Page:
Monday, May 21, 2012

The Mecklenburg Saga, Part 1: Down to the Border

After two months, my oft-delayed trip to the South Hill area finally occurred on May 19, as my dad and I both had the weekend off. I'll be splitting this trip into three entries, because 250 pictures in one blog post is a bit overwhelming for some.

We mostly took US 1 down, but got there via I-85. Here are a few 85/460 cutout postings near the interstate's beginning.

That new Virginia interstate shield has crept its way onto I-85.

The exit's coming up. US 1 also carries US 460 Business, which is not posted here for some reason.

Going over VA 319.

Now on US 1. I don't know if this grocery store was named for the route or not.

An old house of some sort.

The first of many, many 3-lane sections on US 1 between Petersburg and the border.

The extra southbound lane ends. After a brief wide 2-lane section, northbound gets the extra lane, and so on.

Dinwiddie Courthouse. Here we were taking a bathroom break.

The actual courthouse is on the right.

SR 619, the southern half of Courthouse Road in Dinwiddie County. The route continues through Sussex and Greensville counties all the way to Emporia.

Some of US 1 in this area does have 4 lanes.

Old cantilever bridge. The newer northbound bridge has work being done on it.

The first of several "Historic Route 1" assemblies with a reassurance shield. Not all are as well-placed as this one, as you'll see later.

Entering the town of McKenney, the only incorporated place in Dinwiddie County. (Petersburg doesn't count.)

Ye Olde Virginnie hotel, one of two hotels in McKenney that doesn't look like it's being used for its original purpose right now.

US 1 meets VA 40 in downtown McKenney. That's a Dinwiddie sheriff's deputy heading northbound, hence the odd angle.

The other hotel in McKenney, Wilmurt's Motel. Again, nobody's home.

Old Coke machine, a standard for any out-of-the-way hotel.

The place looks like it's in decent shape, so maybe it'll be functional again one day.

Just past McKenney is the Dinwiddie-Brunswick border across the Nottoway River.

Just ahead is the famous Nottoway Restaurant, established in 1929. We stopped there and ate lunch.

SR 712 was VA 140 for a few years.

Looking at I-85 from the parking lot of the Nottoway, across a cow pasture.

More signage from the parking lot of the Nottoway.

Stupid blur.

Looking northbound up US 1 across the border into Dinwiddie.

The banquet room at the Nottoway. The K and R in "Keep Door" have fallen off. Naturally, this is right next to the bathroom. ("Eep! Doo!") If you look closely you can see my reflection in a mirror in the far background.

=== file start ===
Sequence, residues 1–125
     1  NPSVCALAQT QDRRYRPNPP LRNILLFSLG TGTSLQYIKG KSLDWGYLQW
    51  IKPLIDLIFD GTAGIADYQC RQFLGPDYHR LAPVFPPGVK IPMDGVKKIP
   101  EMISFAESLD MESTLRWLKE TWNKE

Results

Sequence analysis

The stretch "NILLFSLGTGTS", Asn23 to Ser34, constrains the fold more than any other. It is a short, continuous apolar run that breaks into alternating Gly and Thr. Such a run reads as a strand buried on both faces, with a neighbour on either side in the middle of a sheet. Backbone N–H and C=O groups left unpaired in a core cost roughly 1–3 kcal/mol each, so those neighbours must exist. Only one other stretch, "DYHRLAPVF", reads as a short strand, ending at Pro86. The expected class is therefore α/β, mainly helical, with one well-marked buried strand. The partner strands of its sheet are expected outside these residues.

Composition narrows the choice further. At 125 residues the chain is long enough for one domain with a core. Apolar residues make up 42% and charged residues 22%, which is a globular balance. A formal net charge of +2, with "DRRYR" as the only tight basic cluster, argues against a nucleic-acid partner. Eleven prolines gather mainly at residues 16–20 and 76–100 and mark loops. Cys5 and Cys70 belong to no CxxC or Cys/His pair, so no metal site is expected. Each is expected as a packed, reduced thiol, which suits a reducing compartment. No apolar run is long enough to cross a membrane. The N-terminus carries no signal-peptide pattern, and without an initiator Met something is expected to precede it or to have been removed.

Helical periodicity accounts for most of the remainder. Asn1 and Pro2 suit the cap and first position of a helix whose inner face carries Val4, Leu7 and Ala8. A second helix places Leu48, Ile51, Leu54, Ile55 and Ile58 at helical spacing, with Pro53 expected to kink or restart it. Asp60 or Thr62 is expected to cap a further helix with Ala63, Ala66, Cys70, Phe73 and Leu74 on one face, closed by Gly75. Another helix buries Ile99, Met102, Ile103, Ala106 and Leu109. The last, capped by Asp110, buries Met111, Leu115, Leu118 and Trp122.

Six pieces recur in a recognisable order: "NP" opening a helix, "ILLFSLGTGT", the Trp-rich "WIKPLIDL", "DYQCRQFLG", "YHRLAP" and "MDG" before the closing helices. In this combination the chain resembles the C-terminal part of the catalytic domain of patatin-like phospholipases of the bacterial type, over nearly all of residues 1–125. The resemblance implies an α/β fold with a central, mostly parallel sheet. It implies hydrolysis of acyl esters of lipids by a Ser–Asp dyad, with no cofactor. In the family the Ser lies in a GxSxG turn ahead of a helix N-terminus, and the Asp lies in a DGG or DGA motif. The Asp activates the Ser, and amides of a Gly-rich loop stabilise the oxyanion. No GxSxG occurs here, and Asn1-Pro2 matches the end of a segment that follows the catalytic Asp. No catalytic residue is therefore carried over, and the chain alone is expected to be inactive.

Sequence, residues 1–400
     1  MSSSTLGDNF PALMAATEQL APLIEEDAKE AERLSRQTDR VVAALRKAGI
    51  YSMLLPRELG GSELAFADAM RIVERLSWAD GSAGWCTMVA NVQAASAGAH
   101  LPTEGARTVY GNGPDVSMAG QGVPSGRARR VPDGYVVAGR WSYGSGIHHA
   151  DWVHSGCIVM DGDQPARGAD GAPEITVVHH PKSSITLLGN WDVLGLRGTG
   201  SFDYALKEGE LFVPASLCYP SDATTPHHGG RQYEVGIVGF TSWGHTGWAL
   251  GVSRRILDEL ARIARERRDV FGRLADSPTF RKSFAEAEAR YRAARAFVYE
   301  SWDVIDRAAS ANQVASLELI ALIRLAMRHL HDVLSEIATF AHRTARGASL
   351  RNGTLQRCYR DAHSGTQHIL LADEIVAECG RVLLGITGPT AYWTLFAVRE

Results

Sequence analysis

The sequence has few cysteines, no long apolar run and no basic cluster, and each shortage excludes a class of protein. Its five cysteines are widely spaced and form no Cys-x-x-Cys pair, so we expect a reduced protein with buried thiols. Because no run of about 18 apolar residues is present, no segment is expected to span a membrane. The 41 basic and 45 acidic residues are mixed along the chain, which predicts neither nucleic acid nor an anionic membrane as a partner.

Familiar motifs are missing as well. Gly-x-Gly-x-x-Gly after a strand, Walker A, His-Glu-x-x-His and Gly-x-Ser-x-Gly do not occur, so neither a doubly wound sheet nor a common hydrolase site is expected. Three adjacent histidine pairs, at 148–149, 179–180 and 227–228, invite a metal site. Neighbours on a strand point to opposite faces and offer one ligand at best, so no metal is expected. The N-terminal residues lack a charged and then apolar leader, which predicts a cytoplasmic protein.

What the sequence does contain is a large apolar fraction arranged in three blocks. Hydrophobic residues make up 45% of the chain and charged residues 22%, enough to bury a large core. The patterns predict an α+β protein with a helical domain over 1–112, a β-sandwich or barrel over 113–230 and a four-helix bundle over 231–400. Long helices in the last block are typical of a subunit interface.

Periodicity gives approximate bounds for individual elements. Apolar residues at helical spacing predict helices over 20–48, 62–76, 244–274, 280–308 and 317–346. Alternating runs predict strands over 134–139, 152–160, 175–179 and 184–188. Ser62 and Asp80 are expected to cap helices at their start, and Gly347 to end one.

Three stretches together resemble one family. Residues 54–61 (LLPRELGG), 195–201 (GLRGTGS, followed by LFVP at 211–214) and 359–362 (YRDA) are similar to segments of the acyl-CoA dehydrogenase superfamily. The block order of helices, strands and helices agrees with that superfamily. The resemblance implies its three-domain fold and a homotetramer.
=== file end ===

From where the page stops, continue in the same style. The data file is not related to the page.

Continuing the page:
Back on the road.

Distance sign. This is the first of many signs you'll see on this trip that was made by VDOT's South Hill residency, which abuses Series B a lot.

It's hard to tell from this picture, but the numbers in this shield are crooked.

Entering the town of Alberta. "Welcome to Alberta. We don't have much, but if you try to take pictures of what we do have, we'll hunt you down and yell at you."

Passing VA 136. I don't want to talk about it.

This is the first direct interchange US 1 and I-85 have had since we got off it near Edgehill.

And now you have an example of the "Historic Route 1" reassurance assembly being too close to another US 1 shield. It's in the background a bit behind the distance sign.

Going under an old railroad bridge that has "Seaboard" engraved in it.

Approaching VA 46. The reason this has a Historic Route 1 sign on it is because there's a Civil War site just south of here. These shields show the perils of using a narrow font.

These are better.

A brief sidetrack up VA 46.

VA 378 trailblazer. I didn't get a chance to photograph one of these last time I was here because...I don't want to talk about it.

Heading back onto US 1 now.

Another underused 4-lane section begins.

I think the northbound lanes are the original alignment, because they hug the terrain more.

Going over a branch of Shining Creek...

...and the main creek.

Another Historic Route 1 assembly. These are all fairly new.

Crossing the Meherrin River, but still in Brunswick County for a bit longer.

Welcome to Brunswick County sign.

Still no county line in sight...

There it is.

Freshly paved, too. It's so new the white lines dividing the lanes haven't been painted yet.

Back on the old pavement for a bit.

Entering South Hill. US 1 becomes Mecklenburg Avenue.

Downtown is still a few miles away.

Approaching VA 138. This is the first route I have never driven on but have photos of both its ends.

South Boston is on US 58.

Now approaching downtown South Hill.

US 1 meets US 58 Business (missing the banner) and VA 47, the latter of which ends here.

VA 47 goes west here, but it's signed north-south because it makes a turn in Chase City. More from this intersection Wednesday.

South Hill's Springfest had Mecklenburg Avenue closed.


Double ugh.

I like this, actually. I may have crossed into La Crosse at this point. We went through the town and turned around.

Near the same intersection but approaching westbound. Here I was heading towards I-85 to clinch the rest of its Virginia routing as a driver.

On I-85 now.

Let the glare begin!

Last exit in Virginia. SR 903 was numbered to match the primary NC 903.

Going over Lake Gaston. The Roanoke River has Lake Gaston and Kerr Lake separated by a short stretch of normal width river.

BGS for US 1 and 401, the first North Carolina exit. This is the only US 401 shield in Virginia, unless there's a wrong shield on VA 401 somewhere.

Crossing the state line. The speed limit drops from 70 to 65.

I don't remember what this sign says, but it had an I-85 shield on it, so I snapped it.

Like its eastern sibling I-95, I-85 is a Blue Star Memorial Highway in North Carolina.

Leaving the interstate to see the north end of US 401...

..which we'll see tomorrow. Stay tuned.

No comments:

Post a Comment